MAD and what not
CDAMBROSIO1 at vaxc.hofstra.edu
Sat Mar 19 00:55:56 CET 1994
Ironically enough I had just gotten off the phone with the
letter column editor (Associate Ed. Charlie Kadau) when I went to
check my e mail and found David's response to Don's response to my
earlier question. And now I'm kind of confused.
David writes "MAD is NO LONGER aimed at kids." It never was.
MAD has always strived to be funny, satirical, etc in the eyes of its
creators first and foremost. There's no doubt that kids are a good deal
of its audience, but there has never been any survey of any kind (b/c
Bill Gaines didn't want to pigeonhole the magazine and give advertisers
a sense of the audience), until the current newstand issue which has a
card asking "what age did you start reading MAD?" how often do you buy
it and where, sex, and age.
MAD is one of the few magazines that could be placed in a
dentist's office and appeal to parents and kids alike. But I'm not
going to take the space here pointing out things that kids will just
never understand and adults will. What I do question is David's
statement - "I picked up a current issue and was startled by thousands
of very obvious references to sex... [stuff deleted] MAD is making a
mistake in this age of teen pregnancy and AIDS."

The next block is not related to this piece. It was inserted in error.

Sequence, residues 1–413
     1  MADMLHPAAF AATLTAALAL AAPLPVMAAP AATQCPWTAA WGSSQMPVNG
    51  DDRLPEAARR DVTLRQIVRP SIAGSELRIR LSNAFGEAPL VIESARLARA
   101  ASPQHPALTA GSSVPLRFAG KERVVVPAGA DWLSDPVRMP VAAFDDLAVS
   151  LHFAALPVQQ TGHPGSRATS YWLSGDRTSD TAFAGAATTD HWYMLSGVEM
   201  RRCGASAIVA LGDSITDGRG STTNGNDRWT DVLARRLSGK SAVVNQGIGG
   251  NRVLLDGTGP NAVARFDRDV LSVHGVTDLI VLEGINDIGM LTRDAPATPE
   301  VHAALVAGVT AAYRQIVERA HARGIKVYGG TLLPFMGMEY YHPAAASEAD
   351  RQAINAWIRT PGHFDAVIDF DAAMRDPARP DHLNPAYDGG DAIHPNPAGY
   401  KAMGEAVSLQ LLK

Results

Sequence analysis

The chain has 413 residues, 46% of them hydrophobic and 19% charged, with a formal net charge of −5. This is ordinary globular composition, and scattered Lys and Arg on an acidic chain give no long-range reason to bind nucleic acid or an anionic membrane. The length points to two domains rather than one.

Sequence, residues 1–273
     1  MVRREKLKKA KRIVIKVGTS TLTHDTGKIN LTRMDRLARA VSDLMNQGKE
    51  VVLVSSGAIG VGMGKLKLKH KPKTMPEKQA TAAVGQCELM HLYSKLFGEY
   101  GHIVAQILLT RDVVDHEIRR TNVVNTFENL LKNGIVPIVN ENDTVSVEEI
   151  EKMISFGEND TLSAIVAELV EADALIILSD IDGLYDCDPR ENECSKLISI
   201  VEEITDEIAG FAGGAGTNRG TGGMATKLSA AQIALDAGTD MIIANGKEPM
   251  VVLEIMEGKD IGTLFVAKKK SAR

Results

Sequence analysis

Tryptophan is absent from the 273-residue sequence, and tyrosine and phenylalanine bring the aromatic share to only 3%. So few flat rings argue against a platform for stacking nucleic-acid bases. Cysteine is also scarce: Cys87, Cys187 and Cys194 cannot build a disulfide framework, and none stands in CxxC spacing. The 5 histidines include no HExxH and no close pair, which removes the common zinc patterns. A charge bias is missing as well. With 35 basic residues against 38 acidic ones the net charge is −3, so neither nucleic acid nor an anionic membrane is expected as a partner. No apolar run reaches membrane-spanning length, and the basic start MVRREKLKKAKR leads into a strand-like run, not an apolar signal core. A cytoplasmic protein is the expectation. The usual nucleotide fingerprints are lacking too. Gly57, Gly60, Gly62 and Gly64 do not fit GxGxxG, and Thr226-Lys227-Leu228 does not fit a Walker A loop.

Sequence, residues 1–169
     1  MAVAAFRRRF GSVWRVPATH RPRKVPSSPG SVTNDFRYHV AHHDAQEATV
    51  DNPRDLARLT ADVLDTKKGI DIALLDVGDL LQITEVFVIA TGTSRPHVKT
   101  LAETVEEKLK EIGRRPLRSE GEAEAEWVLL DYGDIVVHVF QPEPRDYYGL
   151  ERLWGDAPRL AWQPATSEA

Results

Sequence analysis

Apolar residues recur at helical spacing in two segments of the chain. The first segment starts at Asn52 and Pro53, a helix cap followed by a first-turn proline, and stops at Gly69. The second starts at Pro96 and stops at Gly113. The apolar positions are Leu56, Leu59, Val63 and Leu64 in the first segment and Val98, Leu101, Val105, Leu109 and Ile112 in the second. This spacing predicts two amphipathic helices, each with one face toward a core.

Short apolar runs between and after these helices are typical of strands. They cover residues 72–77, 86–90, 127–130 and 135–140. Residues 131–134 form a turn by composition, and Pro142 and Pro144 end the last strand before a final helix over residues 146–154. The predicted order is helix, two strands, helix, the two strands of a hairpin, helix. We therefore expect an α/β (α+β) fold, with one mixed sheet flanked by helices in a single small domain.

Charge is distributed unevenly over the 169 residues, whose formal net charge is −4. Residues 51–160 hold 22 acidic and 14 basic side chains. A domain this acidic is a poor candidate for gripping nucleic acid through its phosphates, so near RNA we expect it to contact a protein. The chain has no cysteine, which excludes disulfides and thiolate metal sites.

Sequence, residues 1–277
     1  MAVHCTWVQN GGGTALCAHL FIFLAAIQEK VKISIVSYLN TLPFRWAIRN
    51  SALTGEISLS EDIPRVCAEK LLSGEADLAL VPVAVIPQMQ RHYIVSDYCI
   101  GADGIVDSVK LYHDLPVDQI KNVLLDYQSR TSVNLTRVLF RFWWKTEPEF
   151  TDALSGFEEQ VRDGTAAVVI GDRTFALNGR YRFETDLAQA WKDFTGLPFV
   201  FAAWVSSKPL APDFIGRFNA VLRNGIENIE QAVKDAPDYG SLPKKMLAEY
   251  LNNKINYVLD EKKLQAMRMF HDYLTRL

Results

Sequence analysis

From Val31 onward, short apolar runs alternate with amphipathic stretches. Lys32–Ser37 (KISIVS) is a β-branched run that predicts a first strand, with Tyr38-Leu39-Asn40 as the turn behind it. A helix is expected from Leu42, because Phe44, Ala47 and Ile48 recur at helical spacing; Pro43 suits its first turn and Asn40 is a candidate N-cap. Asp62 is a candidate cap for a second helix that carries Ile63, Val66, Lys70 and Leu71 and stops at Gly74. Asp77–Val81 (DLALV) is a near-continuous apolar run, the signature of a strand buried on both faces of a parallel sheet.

As far as sex goes, I searched MADly and could find few overt
things in the most recent issue (326) -- a picture of Adam and Eve in
an article "What if technology invaded history" with post it notes in
place of fig leaves, and a picture of a woman holding up an issue of
Penthouse with the words being :"What does it say about playing by the rules
when... ...the only Miss America in the last 25 years to get anywhere in
Show Biz is the one who posed starkers in Penthouse." The woman being
Vanessa Williams. Checking three or four issues before there is nothing
that says and promotes "everybody's doing it."
On the contrary, in numerous places do they criticize teen pregnancy
in one case it's "thirty years ago Nurse Dweezel treats the fifth grade's
first case of whooping cough!" -- "today Nurse Dweezel treats the fifth
grade's first case of morning sickness!"
Anyway, to wrap it up, MAD has never been just for kids, will never
be just for kids. And I don't see that it has ever declined, sure there have
been some simple articles over the years, though. In fact, I think it's been
very strong over the past four years, but enough.
If I haven't made myself clear or anything, I blame it all on the
fact that I can't edit on this system. For now, fare thee well...
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